Bertrand et al. (2016) suggested that the Default Mode Network may be useful to shed light on the role of perspective-taking in awareness of deficits in AD. They presented this relationship by referring to the Cognitive Awareness Model (CAM), which incorporates a comparator system within the central executive to detect mismatches between a personal database and experience of failures and successes (Agnew and Morris, 1998). When a discrepancy is found, a signal is sent out to the metacognitive awareness system (the fourth level in the model by Stuss et al., 2001), enabling a conscious experience of failure/success. If the executive system does not work properly, the comparator mechanism may not detect mismatches, and subsequently experienced failures may not produce any metacognitive output or conscious awareness, leading to an “executive unawareness” in the CAM (Agnew and Morris, 1998).
This model was applied by Amanzio et al. (2011), who addressed the relationship between executive dysfunctions and reduced self-awareness in AD using fMRI and an event-related specific executive task (a Go/NoGo task adapted from Braver et al., 2001; Palermo et al., 2018). Their findings suggest that lower self-awareness in AD patients is linked to reduced functional recruitment in the medial prefrontal circuit, in particular in the Anterior Cingulate Cortex (ACC) (Amanzio et al., 2011). Furthermore, response-inhibition, self-monitoring, and set-shifting dysfunctions have to be considered prominent features of reduced self-awareness in AD patients (Amanzio et al., 2011, 2013), while apathy and disinhibition would seem to be the first relevant behavior changes in AD patients with reduced self-awareness (Amanzio et al., 2011).
In conclusion, reduced self-awareness is often observed in AD patients who have suffered major damage to the central executive system. This could be due to the fact that the central executive system is a metacognitive facility of interest in controlling the flow of information in tasks requiring initiation, planning, set-shifting, strategy allocation, monitoring and inhibition (Amanzio et al., 2011, 2013). As indicated by Bertrand et al. (2016), the CAM is one of the most fruitful models for understanding the irrefutable liaison between executive system dysfuntion, metacognitive disabilities and the occurrence of reduced self-awareness. The issues raised in this commentary have implications in considering executive-metacognitive disabilities as a neuropsychological marker for reduced self-awareness in AD.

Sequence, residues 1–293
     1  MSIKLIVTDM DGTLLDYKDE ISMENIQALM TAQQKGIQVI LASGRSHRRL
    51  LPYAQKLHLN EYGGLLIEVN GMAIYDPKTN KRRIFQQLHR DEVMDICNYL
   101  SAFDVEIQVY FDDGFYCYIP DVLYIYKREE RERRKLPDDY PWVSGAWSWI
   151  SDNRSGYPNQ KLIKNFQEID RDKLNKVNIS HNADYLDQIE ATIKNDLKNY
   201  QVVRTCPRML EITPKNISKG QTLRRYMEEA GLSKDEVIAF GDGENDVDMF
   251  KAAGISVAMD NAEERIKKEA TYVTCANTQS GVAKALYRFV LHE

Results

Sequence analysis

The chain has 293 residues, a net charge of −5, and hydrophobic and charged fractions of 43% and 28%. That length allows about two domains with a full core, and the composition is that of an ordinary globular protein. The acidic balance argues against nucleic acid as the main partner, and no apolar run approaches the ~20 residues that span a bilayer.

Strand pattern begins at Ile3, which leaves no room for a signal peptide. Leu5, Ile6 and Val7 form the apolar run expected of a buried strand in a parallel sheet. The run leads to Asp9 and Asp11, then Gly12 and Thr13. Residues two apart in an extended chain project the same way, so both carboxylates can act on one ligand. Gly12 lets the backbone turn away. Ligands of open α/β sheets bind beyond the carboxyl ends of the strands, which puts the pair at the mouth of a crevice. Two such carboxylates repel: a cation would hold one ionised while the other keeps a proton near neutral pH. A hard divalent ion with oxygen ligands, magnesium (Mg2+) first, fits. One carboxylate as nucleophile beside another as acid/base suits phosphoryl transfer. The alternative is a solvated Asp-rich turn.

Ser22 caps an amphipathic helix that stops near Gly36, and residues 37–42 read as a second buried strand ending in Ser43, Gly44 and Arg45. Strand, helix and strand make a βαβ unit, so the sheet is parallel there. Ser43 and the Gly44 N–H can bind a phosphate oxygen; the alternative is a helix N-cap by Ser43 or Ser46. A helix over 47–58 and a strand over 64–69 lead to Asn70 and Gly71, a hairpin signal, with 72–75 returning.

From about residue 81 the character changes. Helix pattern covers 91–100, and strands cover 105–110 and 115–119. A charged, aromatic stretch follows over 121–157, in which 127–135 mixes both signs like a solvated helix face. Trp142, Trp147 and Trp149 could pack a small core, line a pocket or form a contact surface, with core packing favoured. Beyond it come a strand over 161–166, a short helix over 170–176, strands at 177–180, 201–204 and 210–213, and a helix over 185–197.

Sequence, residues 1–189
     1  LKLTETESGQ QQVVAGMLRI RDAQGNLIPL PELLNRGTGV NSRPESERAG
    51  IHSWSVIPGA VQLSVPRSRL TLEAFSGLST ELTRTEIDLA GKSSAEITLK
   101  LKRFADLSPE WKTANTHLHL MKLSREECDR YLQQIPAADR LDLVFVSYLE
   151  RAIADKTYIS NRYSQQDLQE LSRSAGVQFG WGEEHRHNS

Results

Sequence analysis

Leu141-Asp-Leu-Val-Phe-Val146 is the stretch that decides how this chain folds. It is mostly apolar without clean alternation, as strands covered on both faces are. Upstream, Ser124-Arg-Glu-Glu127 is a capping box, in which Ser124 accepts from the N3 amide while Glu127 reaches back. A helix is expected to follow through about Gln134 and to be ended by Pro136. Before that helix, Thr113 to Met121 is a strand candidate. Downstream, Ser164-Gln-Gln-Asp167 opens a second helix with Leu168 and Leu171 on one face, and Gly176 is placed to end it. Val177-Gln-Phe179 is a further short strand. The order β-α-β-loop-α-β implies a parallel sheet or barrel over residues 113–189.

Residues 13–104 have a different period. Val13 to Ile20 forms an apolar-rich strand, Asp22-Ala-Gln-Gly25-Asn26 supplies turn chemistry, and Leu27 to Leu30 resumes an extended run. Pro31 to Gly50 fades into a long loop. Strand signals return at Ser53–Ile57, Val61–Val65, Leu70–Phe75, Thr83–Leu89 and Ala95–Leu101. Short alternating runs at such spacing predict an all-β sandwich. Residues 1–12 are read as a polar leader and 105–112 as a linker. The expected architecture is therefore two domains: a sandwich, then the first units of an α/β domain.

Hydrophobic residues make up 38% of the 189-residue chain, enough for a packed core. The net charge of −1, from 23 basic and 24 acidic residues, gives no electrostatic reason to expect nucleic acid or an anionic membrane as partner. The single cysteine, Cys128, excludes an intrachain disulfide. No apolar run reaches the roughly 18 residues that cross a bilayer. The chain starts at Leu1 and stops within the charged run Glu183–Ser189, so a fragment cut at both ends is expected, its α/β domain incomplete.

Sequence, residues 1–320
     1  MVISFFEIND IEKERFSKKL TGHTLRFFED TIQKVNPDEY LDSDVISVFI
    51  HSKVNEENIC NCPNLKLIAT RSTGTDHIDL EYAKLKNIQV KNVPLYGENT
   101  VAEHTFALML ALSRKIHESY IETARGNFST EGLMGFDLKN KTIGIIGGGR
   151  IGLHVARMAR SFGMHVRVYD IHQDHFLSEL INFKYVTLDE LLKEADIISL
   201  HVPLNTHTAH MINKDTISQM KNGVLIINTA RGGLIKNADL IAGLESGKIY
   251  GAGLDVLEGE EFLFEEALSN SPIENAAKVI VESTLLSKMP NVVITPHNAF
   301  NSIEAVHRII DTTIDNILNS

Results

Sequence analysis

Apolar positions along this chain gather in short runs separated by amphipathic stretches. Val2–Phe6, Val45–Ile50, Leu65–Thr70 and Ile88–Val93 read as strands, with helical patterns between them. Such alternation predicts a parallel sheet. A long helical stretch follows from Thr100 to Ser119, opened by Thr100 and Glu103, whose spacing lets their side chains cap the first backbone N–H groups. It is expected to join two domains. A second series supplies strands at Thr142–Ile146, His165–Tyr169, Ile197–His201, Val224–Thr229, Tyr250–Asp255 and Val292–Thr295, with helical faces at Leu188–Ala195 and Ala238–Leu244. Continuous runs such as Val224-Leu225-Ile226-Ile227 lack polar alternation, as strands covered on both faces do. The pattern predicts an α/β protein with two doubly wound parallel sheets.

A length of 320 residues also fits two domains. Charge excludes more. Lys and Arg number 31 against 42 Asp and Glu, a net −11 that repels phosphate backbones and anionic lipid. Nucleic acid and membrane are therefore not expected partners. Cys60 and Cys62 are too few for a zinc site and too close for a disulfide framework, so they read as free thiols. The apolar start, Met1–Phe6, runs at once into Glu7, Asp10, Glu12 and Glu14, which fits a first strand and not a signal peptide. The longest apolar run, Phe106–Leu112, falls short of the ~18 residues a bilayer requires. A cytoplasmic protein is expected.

We would like to conclude by drawing attention to the fact that this phenomenon is worthy of clinical investigation. Indeed, distinct major neurocognitive disorders, brain pathologies and mood disturbances exhibit executive-metacognitive abnormalities as part of the anomalies of overlapping neural pathways. In this context, ACC hypofunctionality seems to represent one of the relevant underpinnings of a lack of self-awareness (Amanzio et al., 2011; Palermo et al., 2014, 2015).
The commentary is based on a concept developed by SP who performed the review and critique processes as PI. All the authors listed have contributed to writing the commentary. All authors have approved the submission of the manuscript.
Conflict of Interest Statement
The authors declare that the research was conducted in the absence of any commercial or financial relationships that could be construed as a potential conflict of interest.
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Keywords: metacognition, self-awareness, cognitive awareness model, anterior cingulate (ACC), Alzheimer's disease
Citation: Morese R, Mario S and Palermo S (2018) Commentary: Metacognition and Perspective-Taking in Alzheimer's Disease: A Mini-Review. Front. Psychol. 9:2010. doi: 10.3389/fpsyg.2018.02010
Received: 23 July 2018; Accepted: 01 October 2018;
Published: 22 October 2018.
Edited by:Claudia Gianelli, Universität Potsdam, Germany
Reviewed by:Elodie Bertrand, Pontifical Catholic University of Rio de Janeiro, Brazil
Copyright © 2018 Morese, Mario and Palermo. This is an open-access article distributed under the terms of the Creative Commons Attribution License (CC BY). The use, distribution or reproduction in other forums is permitted, provided the original author(s) and the copyright owner(s) are credited and that the original publication in this journal is cited, in accordance with accepted academic practice. No use, distribution or reproduction is permitted which does not comply with these terms.
*Correspondence: Sara Palermo, firstname.lastname@example.org